Thank you to Jane Anthony for this research.
George Noakes was born in Robertsbridge, Sussex in about 1894. It would appear that his mother died when he was very young and his father remarried. His mother had about six children, and his step mother, a further four daughters. He also had a step brother. In 1911 he was living in Hawkshurst and working as an apprentice grocer.
At the time of his death he was living in Myrtle Road, Dorking. He was unmarried at the time of the 1911 census and no marriage of anyone of the same name was recorded in the Hawkhurst or Dorking area between 1911 and the time of his death in 1915.
The Dorking Advertiser reported his death.
“It is our painful duty this week to chronicle the deaths in action of four more of Dorking’s gallant sons. The Men’s Own Society has suffered a severe blow, as three of the unfortunate men were members of that Society.
Like many patriotic young Dorking fellows, Pte. George H. Noakes responded to the call of the Motherland in the earl part of this year, and it was not long before he was within the sound of German guns. He was only 21 years of age, and after receiving some two months’ training he was sent over to France along with his regiment – the 3rd Middlesex – familiarly known as the “Die Hards.” He inherited the real British fight espirit as will be seen by the following extracts from some of the letters he sent to his late landlady, Mrs. Mansfield, of Myrtle Road, a couple of weeks before he met his fate. In the first letter he said : “We have been in the trenches and we can’t write letters there as they don’t get posted, so we have to wait until we get a rest. I have been hit twice by shrapnel but nothing much. I have also seen my mate killed; it is rotten to see it, but still we have to put up with it.” His last letter to Dorking stated: “We have been in some tight corners lately, but have managed to get through so far, and I hope I shall be spared to come and see you again well and strong…. We have lost the best part of our company, so we are waiting to made up to full strength again.”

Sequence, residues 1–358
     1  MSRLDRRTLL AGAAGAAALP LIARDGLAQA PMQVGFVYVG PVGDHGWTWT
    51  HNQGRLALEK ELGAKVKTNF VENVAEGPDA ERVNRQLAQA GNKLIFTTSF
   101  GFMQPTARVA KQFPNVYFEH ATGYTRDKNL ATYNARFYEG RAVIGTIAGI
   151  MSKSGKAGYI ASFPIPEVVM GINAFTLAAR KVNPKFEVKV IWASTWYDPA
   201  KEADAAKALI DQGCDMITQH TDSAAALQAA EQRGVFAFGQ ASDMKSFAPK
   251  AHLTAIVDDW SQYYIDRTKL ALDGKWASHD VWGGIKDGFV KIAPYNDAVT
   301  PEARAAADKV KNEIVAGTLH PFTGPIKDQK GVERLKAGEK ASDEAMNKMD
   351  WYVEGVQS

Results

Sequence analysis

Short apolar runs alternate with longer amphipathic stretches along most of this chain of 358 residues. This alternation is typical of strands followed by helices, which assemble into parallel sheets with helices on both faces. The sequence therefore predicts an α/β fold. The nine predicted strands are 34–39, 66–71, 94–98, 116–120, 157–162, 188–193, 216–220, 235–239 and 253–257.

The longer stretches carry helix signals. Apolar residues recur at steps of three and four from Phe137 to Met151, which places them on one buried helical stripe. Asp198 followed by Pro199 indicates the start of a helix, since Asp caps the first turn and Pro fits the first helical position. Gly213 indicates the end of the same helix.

The young hero’s desire was not to be, for he was killed a few days afterwards.
Prior to enlisting Noakes was engaged as an assistant at the International Stores, Dorking. He was greatly respected by a large number of friends. He was also a member of the Men’s Own Society, and belonged to Hawkhurst, Kent.”
He is commemorated on the Menin Gate, Ypres and there are no details about his family. The Battalion that he had joined was stationed in India prior to the outbreak of war. They came back to Europe and were deployed to the Western Front in January 1915. They fought in the Second Battle of Ypres, where George Noakes was probably killed, and the Battle of Loos. Later that year they were redeployed to Salonika.
|Address||Myrtle Road, Dorking|
|Regiment||3rd Battalion, Middlesex Regiment|
|Date of Death||24th May 1915|
|Place of Death||Flanders|
|Cause of Death||Killed in Action|
|Memorial||Ypres (Menin Gate) Memorial|